GALVESTON Ã¯Â¿Â½ A Tyler County woman claims the University of Texas Medical Branch assigned her to menial tasks because of her race, recent court documents say.
Carolyn J. Burrell of Chester explains in her lawsuit that she worked for the 120-year-old medical institution as a registered nurse at the Gib Lewis Unit in Woodville, but her employer "insisted on sending the plaintiff to another unit to do a job that was normally required of a lower staff."
"The defendant, the University of Texas Medical Branch, intentionally engaged in unlawful employment practices involving the plaintiff because of her race," the original petition says.
"The plaintiff alleges that the defendant, the University of Texas Medical Branch, discriminated against the plaintiff on the basis of race with malice or with reckless indifference to the state-protected rights of the plaintiff."
The suit was filed in Galveston County District Court on July 28.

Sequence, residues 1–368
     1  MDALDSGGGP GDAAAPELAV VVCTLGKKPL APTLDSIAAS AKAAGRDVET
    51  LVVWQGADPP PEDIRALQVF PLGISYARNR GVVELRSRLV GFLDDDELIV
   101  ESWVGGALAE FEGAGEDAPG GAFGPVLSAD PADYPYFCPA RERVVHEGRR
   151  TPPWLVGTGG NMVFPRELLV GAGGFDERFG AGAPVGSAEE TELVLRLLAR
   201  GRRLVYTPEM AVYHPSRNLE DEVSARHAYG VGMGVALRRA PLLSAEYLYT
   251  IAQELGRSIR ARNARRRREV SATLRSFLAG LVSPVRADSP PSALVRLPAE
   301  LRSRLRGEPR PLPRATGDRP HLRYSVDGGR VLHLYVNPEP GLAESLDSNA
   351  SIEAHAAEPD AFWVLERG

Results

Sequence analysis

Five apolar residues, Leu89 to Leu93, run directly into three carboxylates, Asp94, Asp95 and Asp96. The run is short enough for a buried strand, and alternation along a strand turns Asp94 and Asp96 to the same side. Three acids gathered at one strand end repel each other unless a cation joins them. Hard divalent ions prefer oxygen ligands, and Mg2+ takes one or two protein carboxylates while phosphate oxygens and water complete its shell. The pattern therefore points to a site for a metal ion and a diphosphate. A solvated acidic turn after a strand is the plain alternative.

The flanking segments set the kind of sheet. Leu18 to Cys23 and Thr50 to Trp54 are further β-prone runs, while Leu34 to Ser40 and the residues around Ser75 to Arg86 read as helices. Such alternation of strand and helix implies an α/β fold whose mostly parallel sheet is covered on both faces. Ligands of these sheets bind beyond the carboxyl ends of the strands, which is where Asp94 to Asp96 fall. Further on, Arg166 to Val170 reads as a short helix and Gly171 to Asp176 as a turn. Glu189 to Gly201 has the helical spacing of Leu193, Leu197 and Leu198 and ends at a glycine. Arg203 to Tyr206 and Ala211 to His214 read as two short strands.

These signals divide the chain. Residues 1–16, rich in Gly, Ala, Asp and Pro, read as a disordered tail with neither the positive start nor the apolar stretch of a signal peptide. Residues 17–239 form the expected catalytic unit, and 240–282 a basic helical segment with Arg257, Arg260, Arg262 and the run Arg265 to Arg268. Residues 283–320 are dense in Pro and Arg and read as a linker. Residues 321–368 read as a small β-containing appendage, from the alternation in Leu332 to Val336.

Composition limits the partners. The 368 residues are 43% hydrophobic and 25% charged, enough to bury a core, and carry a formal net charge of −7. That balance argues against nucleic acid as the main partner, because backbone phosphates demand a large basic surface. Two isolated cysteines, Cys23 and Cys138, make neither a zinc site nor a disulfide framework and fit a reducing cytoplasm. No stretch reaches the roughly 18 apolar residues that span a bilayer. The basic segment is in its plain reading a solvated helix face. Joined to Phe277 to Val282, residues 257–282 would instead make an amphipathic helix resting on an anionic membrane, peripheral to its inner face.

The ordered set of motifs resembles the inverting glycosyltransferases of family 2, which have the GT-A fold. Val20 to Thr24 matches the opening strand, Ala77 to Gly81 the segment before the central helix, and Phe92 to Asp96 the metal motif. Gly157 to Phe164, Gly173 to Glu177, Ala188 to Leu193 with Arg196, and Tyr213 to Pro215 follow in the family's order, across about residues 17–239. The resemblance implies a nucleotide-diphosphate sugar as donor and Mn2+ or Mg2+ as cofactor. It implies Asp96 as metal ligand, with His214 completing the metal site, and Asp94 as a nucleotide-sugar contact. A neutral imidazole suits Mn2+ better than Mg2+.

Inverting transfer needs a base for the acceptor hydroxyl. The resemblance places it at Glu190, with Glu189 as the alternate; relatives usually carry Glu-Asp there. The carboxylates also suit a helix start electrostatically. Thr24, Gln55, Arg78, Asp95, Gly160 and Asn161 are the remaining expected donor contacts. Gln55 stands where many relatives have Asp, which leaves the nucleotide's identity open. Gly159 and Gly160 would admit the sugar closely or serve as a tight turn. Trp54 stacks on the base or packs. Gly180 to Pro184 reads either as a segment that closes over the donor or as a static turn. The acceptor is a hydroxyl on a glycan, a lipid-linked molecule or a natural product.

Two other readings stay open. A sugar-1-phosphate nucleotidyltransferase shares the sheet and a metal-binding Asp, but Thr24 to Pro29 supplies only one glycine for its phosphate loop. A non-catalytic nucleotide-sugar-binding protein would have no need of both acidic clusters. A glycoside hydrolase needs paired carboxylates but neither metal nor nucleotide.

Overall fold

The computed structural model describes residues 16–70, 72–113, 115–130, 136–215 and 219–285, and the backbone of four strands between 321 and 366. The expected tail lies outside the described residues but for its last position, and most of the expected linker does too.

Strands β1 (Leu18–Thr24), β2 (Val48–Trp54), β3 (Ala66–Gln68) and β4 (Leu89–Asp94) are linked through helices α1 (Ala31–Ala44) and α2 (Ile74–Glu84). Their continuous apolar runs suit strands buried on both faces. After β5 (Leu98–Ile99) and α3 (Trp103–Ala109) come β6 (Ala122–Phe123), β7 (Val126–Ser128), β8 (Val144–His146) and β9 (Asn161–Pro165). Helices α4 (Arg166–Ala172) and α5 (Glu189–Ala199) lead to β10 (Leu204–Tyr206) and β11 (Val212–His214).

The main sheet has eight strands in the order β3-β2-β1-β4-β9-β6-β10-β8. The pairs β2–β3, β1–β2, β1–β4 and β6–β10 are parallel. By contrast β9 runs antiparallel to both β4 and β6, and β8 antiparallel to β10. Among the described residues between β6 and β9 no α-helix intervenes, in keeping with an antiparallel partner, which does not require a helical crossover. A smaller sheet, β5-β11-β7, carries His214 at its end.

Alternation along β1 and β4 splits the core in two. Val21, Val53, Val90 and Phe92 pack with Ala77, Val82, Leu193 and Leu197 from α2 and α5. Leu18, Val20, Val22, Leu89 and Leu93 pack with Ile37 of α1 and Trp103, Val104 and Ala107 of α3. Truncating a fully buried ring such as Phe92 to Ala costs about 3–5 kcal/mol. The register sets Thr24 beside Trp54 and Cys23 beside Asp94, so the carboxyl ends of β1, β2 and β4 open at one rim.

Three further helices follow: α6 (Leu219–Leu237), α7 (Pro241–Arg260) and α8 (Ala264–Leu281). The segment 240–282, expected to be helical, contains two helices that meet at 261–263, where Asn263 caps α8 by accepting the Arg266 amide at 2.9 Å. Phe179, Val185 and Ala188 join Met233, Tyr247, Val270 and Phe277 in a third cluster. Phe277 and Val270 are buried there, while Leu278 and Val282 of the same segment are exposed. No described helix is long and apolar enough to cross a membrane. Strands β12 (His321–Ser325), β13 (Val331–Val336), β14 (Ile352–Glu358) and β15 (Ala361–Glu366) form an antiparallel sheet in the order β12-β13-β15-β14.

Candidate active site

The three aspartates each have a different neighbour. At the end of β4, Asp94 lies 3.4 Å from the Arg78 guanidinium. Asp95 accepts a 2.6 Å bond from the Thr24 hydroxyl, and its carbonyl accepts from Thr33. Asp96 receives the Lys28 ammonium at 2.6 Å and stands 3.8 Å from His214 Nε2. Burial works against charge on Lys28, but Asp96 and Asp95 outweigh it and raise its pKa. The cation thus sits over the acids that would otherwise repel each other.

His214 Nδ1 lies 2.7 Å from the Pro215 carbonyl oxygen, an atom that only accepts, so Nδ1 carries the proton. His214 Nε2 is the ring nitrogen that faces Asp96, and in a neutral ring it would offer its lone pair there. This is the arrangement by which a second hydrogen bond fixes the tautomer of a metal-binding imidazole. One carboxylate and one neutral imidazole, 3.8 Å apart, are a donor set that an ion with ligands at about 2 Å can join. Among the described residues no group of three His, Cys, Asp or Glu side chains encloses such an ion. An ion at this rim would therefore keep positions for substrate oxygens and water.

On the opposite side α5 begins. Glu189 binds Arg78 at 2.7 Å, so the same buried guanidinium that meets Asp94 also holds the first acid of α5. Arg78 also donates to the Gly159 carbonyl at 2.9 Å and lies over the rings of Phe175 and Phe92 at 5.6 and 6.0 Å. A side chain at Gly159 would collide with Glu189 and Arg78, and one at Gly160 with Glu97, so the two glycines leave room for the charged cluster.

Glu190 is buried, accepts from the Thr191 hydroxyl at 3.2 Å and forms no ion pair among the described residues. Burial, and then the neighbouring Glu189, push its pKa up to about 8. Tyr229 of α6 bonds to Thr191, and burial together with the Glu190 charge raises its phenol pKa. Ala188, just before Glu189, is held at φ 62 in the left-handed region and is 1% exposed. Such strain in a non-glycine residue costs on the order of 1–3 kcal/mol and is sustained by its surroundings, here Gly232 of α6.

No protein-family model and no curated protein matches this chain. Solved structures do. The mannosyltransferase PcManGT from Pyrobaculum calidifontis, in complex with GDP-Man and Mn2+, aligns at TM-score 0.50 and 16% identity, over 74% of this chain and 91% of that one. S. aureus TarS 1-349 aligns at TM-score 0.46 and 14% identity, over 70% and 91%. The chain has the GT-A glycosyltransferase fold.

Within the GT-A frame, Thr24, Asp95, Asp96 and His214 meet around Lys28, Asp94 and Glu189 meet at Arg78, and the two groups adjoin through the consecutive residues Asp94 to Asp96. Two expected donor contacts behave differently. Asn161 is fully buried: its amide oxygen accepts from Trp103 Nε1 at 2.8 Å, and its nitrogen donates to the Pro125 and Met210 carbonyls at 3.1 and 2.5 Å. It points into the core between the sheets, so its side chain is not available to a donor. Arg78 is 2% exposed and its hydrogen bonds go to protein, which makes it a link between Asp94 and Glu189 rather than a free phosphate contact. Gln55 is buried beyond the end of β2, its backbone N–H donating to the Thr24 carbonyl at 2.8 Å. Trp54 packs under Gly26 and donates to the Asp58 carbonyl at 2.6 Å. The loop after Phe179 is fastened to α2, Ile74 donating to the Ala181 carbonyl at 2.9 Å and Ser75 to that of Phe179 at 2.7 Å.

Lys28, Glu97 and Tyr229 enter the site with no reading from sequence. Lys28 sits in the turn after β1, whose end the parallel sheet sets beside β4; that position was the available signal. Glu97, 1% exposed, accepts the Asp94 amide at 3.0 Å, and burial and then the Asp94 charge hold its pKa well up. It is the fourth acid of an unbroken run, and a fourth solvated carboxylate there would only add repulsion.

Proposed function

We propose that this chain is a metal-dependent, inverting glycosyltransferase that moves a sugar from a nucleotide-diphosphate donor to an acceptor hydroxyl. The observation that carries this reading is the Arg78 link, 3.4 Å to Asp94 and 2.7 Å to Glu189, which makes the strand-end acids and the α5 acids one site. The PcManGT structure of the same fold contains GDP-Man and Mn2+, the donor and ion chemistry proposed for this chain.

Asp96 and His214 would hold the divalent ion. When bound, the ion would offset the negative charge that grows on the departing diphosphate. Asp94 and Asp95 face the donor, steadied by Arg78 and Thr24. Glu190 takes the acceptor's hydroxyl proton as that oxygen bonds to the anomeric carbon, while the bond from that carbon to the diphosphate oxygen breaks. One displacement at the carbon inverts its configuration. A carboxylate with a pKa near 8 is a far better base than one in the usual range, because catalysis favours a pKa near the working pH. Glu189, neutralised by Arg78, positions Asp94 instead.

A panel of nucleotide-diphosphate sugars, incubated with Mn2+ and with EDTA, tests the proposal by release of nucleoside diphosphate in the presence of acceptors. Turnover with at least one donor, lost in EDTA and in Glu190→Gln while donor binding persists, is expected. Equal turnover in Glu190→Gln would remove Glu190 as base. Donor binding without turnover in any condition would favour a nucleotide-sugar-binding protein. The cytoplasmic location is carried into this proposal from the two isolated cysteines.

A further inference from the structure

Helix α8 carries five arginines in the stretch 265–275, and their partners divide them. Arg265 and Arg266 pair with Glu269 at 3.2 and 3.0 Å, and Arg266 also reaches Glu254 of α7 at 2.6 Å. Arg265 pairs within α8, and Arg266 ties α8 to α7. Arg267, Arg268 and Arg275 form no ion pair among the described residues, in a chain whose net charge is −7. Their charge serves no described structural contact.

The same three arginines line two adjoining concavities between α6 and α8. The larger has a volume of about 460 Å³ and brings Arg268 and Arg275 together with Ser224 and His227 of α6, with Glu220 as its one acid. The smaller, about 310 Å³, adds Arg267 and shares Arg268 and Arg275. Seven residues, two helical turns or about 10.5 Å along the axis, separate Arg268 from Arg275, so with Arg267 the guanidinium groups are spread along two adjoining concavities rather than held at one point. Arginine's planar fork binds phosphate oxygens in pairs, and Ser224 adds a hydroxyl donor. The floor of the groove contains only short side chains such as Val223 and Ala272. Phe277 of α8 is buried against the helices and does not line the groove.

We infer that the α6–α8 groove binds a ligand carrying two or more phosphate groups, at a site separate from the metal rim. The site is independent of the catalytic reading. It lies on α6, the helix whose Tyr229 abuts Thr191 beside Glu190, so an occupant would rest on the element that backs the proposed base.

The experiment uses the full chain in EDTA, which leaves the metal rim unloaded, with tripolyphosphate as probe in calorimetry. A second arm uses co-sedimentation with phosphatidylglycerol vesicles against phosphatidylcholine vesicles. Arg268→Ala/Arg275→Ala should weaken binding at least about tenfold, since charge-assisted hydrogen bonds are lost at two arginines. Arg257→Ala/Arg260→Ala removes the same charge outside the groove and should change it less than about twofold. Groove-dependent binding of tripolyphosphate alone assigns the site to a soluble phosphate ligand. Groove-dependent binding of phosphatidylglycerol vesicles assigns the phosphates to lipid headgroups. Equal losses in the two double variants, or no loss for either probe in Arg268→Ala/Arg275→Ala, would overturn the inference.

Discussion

Burrell, who is black, argues that her supervisor gave her the order because the lower positioned staff member, a white licensed vocational nurse, to whom the undisclosed task was assigned, was given preferential treatment and therefore excused.
The plaintiff alleges her ordeal is not an isolated incident since her superiors reportedly sent other black RNs to the defendant's Livingston Unit instead of lower cadre employees, among them whites.
"It had a disparate and adverse impact on the plaintiff because of her race," the suit says. Such employment practices were not job-related and were not consistent with business necessity."
Consequently, Burrell was forced to resign three months ago.
She seeks attorney's fees, back pay, and a reinstatement of her original position and pay grade from the defendant as well as a jury trial.
Houston attorney John-Baptist A. Sekumade is representing the plaintiff, and the case has been assigned to Galveston County 10th District Court Judge David Garner.
Case No. 09CV1323